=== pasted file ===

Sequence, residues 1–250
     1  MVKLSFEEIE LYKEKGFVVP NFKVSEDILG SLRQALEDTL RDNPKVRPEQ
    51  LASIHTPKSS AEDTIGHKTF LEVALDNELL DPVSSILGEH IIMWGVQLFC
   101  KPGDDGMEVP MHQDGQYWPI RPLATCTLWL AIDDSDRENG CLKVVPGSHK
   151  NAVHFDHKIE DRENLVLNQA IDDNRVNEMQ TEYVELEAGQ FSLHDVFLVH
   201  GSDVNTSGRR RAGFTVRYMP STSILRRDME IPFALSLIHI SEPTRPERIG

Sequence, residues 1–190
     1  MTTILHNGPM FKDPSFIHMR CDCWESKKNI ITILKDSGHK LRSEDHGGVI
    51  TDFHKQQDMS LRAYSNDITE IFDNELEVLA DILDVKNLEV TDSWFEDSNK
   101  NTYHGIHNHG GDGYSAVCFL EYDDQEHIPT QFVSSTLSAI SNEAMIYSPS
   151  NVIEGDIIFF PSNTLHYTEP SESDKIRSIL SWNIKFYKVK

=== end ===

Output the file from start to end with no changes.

Sequence, residues 1–250
     1  MVKLSFEEIE LYKEKGFVVP NFKVSEDILG SLRQALEDTL RDNPKVRPEQ
    51  LASIHTPKSS AEDTIGHKTF LEVALDNELL DPVSSILGEH IIMWGVQLFC
   101  KPGDDGMEVP MHQDGQYWPI RPLATCTLWL AIDDSDRENG CLKVVPGSHK
   151  NAVHFDHKIE DRENLVLNQA IDDNRVNEMQ TEYVELEAGQ FSLHDVFLVH
   201  GSDVNTSGRR RAGFTVRYMP STSILRRDME IPFALSLIHI SEPTRPERIG

Sequence, residues 1–190
     1  MTTILHNGPM FKDPSFIHMR CDCWESKKNI ITILKDSGHK LRSEDHGGVI
    51  TDFHKQQDMS LRAYSNDITE IFDNELEVLA DILDVKNLEV TDSWFEDSNK
   101  NTYHGIHNHG GDGYSAVCFL EYDDQEHIPT QFVSSTLSAI SNEAMIYSPS
   151  NVIEGDIIFF PSNTLHYTEP SESDKIRSIL SWNIKFYKVK